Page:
This section sets out a basic approach for contemplating cybersecurity.
The aim is to stop you from running out and buying whatever product some shiny suited salesperson might be promoting, but rather to think about your security needs holistically, so that you spend your time, money and effort where you can get the best results.
You’ll sometimes see this described as “threat modelling” or understanding your “risk scenario”.
The reason you do this is that, without knowing the threats against which you’re trying to protect, you don’t know what mitigations you need to have in place. And, since you probably can’t do everything at once, you’ll need to understand the greatest threats you face, and so which are deserving of the greatest attention, and what measures are “nice to haves”, which could be done at some point in the future.
Let’s consider some different examples.
A normal domestic conveyancing transaction may not be of particular interest to an overseas government’s intelligence service, but may be very much of interest to someone hoping to steal the buyer’s funds.
If you are working on litigation against a government, might that government have an interest in trying to understand your case before it is formally presented? One would hope not, of course.
Could you simply be the weak link in the chain, which someone wants to break to gain access to the information which you hold? Some useful insider information which might affect a share price, for example, or designs for a new or improved product?
Do you hold information about someone which might be valuable from the perspective of blackmail? Or of interest to the media?
Or could it be that the information you hold about a client might be useful in some other attack – someone wanting to get into the client, to exploit what information they have, and getting names and addresses and contact details from you is an easy way to do that?
Or are you just generally concerned about holding up the confidentiality of your clients’ matters, and ensuring that clients can communicate with you in a reasonably secure manner, to take advantage of their right to seek independent, expert legal advice? Threats to this might be more casual — someone reading over your shoulder on a train, for example, or listening in on a phone call you are having in a public place.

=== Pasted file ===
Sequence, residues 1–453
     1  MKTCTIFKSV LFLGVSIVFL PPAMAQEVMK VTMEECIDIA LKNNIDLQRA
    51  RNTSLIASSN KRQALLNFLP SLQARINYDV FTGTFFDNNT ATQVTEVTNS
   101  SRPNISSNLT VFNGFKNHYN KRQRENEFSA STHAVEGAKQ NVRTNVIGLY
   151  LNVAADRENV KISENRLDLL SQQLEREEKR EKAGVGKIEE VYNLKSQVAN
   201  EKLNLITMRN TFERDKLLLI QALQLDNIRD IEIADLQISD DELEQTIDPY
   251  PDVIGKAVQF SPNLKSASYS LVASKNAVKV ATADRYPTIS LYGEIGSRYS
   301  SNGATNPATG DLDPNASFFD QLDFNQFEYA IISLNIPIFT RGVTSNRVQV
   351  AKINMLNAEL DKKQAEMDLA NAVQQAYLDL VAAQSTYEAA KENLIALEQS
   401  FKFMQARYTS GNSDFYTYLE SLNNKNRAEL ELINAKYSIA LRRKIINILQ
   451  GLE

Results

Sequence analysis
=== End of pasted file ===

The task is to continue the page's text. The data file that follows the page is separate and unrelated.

In a spreadsheet, list every device and service you have which stores data — computers, phones, external hard drives, USB keys, servers, online services, and potentially even printers and scanners.
Against each device and service:
Keep this up to date, amending it as you add and remove devices from your firm.
Is your attacker motivated, and focussed on you? Do they have lots of resources at their disposal? If so, chances are you are going to need substantial security measures, and probably professional assistance.
Perhaps you are just of passing interest and, if you have “good enough” security, the attacker will simply find another target — a less secure law firm, more vulnerable to their attack, for instance.
Perhaps it is not even an “attacker”, but rather a fellow commuter, or someone else present in the place you are working. What about private companies tracking what you do online? Are you happy if the operator of your favourite coffee shop’s Wi-Fi network is keeping an eye on what cases or statutes you are researching, or sites you visit, or even your communications with clients?
Once you’ve identified why you might be of interest, and who you might be defending against, the next step is to identify how you might be vulnerable.
You might find the European Union Agency for Cybersecurity's threat report to be useful in identifying key threats.
Chances are, you'll have quite a few risks on your list, so you'll want to prioritise your approach to tackling them.
A simple means of prioritisation is by multiplying the likelihood of a bad thing happening with the impact if that bad thing does happen.
Something which is likely to be exploited, and which would cause a high level of harm, is a greater priority than something either unlikely to happen, or which is unlikely to cause much harm if it did happen.
Bear in mind that some security controls are appropriate for highly confidential information, but some are less appropriate for less confidential information — the likelihood of harm, or the severity of the harm, does not justify the intrusion or inconvenience. There comes a point at which providing security makes it more difficult for the client to work with you, contrary to their best interests.
You might find it useful to write this down, so that you have a register of threats and risks, with reasons why you have included, or excluded certain things.
You probably want to make this appraisal a regular exercise — perhaps yearly, or even more frequently, depending on the likelihood of a risk arising, and the severity of the impact if it did.
If you think you fall into a higher risk category, it is probably something you’ll want to do even more often than that.
If you have a compliance calendar, to help you meet your numerous regulatory obligations, make perhaps a quarterly or half-yearly action to review your risk categorisation, and your security measures.